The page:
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Nutrition Doctoral Student Biographies

Current Student Biographies

PhD, Nutrition and Dietetics

Peter Adintori

Peter Adintori

Peter Adintori, MS, RD, CDN, CNSC is a registered dietitian with a background in both nutrition and exercise physiology. Peter began his education at the University of Connecticut, where he received a bachelor of science in Exercise Science. At that time, he participated in nutrition and exercise research utilizing ketogenic diets for ultramarathon runners within UConn's Human Performance Laboratory. Peter then moved to NYC to pursue a master of science at Teachers College, Columbia University in Nutrition and Exercise Physiology, followed by his Dietetic Internship. While at Columbia, Peter conducted research at Mount Sinai St. Luke's Hospital (now Mount Sinai Morningside), focusing on lipid utilization during exercise in individuals at risk for Type 2 Diabetes Mellitus. Currently, Peter is a Clinical Research Dietitian at Memorial Sloan Kettering Cancer Center, where he works primarily on the Bone Marrow Transplantation Service. Peter's research focuses on prehabilitation and rehabilitation before and after hematopoietic cell transplantation. Peter hopes to coordinate nutrition and physical/occupational therapy to optimize patients' clinical outcomes and quality of life.  

Shannon Herbert

Shannon Herbert

Shannon Herbert, MS, RD, RYT is a registered dietitian and yoga instructor. Shannon received her bachelor of science degree in Global Public Health & Nutrition and Dietetics, as well as her master of science degree in Clinical Nutrition from New York University. She completed her dietetic internship at the James J. Peters VA Medical Center in the Bronx. Throughout her undergraduate degree, she participated as a research assistant on a variety of projects that looked at overall diet quality and relationships with disease outcomes. Shannon’s research interests lie in the intersection between diet quality, physical activity, and chronic disease. She is interested in understanding how changes in diet quality and dietary inflammation relate to chronic disease outcomes, in the hopes of coordinating dietary and lifestyle interventions that support and promote lifelong health.

Kellie McLean

Kellie McLean

Kellie McLean, MPH, RD, CDCES, CDN is a registered dietitian and adjunct professor with a background in nutrition counseling and type 2 diabetes management. Kellie received her bachelor’s degree in Spanish from the University of Vermont, then proceeded to obtain a second degree in nutrition and dietetics simultaneously with her master’s degree in public health nutrition from Hunter College (CUNY). Kellie’s background as a dietitian began in the Bronx, NY, where she counseled individuals of all ages for weight and diabetes management. She then transitioned into the position of clinical nutrition consultant and manager for various facilities throughout the Greater New York City area. Kellie has an extensive teaching background, having taught a myriad of nutrition and food safety courses as an adjunct professor for various CUNY colleges, including serving as interim Assistant Professor and Acting Director for a nutrition and culinary management program. Kellie also teaches as an adjunct professor for the Department of Nutrition and Food Studies at New York University. As a PhD student, Kellie’s research has focused on cultural components of type 2 diabetes management and effective behavior change strategies.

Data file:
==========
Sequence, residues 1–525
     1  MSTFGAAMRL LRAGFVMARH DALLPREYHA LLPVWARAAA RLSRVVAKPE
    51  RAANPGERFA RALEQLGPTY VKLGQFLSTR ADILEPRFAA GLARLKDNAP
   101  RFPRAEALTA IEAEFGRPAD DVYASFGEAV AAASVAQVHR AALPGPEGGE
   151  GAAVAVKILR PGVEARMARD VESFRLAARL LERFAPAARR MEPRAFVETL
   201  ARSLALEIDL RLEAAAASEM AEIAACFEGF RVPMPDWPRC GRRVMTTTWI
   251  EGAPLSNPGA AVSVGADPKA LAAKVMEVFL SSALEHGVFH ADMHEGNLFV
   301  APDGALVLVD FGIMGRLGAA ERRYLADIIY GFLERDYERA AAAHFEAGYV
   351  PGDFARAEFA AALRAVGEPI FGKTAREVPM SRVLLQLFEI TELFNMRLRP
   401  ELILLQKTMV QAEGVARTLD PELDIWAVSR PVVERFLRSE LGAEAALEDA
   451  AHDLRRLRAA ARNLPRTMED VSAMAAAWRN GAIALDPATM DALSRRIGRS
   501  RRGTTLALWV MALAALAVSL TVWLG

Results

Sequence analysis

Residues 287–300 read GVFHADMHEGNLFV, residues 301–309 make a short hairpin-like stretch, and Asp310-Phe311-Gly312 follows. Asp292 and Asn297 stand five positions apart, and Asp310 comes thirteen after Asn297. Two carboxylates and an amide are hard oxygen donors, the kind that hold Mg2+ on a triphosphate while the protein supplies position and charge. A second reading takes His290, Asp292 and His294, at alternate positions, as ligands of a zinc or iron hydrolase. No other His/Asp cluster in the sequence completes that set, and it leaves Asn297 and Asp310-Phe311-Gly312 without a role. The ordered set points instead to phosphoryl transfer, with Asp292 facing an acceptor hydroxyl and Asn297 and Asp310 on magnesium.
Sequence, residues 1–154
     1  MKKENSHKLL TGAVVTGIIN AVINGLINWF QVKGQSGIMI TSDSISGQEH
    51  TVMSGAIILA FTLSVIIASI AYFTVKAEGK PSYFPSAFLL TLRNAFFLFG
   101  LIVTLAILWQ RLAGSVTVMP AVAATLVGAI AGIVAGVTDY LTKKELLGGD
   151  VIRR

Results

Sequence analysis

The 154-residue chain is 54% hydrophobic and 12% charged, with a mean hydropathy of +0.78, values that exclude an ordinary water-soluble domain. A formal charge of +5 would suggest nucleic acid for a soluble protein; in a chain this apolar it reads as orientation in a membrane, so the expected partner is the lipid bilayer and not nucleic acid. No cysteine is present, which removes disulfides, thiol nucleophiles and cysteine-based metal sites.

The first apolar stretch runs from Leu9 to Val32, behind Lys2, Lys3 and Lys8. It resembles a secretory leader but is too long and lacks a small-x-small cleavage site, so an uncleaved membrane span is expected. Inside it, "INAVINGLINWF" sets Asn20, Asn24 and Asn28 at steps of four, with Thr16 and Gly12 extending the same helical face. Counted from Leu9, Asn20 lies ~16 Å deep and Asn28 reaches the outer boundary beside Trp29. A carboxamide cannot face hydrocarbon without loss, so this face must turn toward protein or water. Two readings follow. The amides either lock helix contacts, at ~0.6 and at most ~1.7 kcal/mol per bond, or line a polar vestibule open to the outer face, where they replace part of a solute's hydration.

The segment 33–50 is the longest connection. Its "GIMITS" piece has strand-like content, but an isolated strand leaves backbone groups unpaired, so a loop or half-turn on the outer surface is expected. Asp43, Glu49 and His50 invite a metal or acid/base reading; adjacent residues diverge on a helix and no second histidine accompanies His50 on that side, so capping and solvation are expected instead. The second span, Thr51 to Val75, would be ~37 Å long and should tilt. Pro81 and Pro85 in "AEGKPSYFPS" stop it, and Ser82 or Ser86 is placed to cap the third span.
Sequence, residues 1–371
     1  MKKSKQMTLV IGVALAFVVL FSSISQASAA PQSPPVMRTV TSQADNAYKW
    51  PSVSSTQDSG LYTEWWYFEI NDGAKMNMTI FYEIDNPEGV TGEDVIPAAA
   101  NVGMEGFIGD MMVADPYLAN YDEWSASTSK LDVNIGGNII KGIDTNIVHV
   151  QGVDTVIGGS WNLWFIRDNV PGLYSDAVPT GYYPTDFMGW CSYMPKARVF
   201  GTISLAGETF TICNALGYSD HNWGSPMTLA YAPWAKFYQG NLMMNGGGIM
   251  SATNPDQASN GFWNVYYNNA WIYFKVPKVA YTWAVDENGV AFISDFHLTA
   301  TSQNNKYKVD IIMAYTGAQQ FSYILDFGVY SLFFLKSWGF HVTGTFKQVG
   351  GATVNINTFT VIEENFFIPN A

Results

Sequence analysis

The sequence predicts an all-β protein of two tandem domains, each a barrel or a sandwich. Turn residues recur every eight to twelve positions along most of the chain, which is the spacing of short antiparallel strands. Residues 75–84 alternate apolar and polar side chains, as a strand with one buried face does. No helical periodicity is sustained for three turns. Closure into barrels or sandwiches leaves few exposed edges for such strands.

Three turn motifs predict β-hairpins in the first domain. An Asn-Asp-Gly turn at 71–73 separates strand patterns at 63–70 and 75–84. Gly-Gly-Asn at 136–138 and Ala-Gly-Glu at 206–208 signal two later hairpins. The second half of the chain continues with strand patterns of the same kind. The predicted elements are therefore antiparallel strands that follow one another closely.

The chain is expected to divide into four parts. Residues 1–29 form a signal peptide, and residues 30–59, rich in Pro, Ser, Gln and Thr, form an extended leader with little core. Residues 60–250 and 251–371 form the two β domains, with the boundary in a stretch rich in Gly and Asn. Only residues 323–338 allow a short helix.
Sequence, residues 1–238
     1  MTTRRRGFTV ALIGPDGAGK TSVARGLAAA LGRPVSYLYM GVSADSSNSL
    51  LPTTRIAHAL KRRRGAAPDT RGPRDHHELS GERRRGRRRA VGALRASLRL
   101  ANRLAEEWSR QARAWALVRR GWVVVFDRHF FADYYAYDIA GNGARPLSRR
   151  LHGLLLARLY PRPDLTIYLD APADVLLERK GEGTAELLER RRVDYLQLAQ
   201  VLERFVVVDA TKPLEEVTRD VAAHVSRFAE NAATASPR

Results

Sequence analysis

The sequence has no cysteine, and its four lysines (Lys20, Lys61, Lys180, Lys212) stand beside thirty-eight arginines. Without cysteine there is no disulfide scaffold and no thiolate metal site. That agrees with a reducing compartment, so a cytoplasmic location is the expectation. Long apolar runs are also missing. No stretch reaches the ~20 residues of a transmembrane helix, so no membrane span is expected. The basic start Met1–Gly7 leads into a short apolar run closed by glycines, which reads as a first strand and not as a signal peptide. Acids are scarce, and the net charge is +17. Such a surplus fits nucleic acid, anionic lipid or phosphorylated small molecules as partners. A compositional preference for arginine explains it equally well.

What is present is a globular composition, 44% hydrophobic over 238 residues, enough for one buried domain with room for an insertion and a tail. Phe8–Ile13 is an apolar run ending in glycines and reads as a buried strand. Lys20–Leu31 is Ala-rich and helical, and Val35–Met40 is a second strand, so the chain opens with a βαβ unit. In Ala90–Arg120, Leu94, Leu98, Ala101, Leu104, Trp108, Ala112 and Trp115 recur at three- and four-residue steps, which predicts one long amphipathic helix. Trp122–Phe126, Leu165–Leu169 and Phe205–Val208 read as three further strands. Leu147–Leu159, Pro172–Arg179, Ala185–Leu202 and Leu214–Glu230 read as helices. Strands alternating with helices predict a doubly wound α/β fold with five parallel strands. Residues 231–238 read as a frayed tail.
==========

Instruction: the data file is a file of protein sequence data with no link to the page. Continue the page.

Noelle Armstrong

photo of Noelle Armstrong

Noelle Armstrong MS, RD is a registered dietitian and adjunct professor. Noelle’s education began at the State University of New York at Oneonta, where she received a Bachelor of Science in Dietetics with a minor in Chemistry. Noelle continued her education at Boston University, where she received a Master of Science in Nutrition. While in Boston, Noelle worked at Tufts USDA Human Nutrition Research Center for Aging and completed her dietetic internship at St. Elizabeth’s Medical Center through Boston University. Noelle currently works as a private practice dietitian as a counselor in the holistic wellness sphere and teaches at NYU in the Department of Nutrition and Food Studies. Her research focuses on the connection between nutrition and psychology – how what we eat impacts how we feel. Noelle plans to explore the use of nutrition counseling and lifestyle interventions as an adjunctive therapy in the prevention and treatment of mental illnesses like anxiety and depression. Noelle hopes to improve the mental health and wellbeing of individuals with mental illness through nutrition.

Josie Dudzik

photo of Josie Dudzik

Josie Dudzik, MS, RD, CDN is a registered dietitian with a specialty in clinical nutrition. Josie received her bachelor of science degree in nutrition and dietetics at Penn State University where she participated in both human ingestion and childhood obesity research. She completed her master of science degree in clinical nutrition and dietetic fellowship through Rutgers University and Cooperman Barnabas Medical Center in Livingston, New Jersey, specializing in critical care and burn nutrition. In addition to her doctoral training, Josie currently practices as a clinical dietitian at NYU Langone Hospital in Manhattan where she works primarily with acute care and rehabilitation patients. Josie's research focuses on the intersection between nutrition and rehabilitation in order to improve recovery outcomes for survivors of critical illness. She is interested in developing nutrition support interventions to improve quality of life for populations at risk of debility or impairment.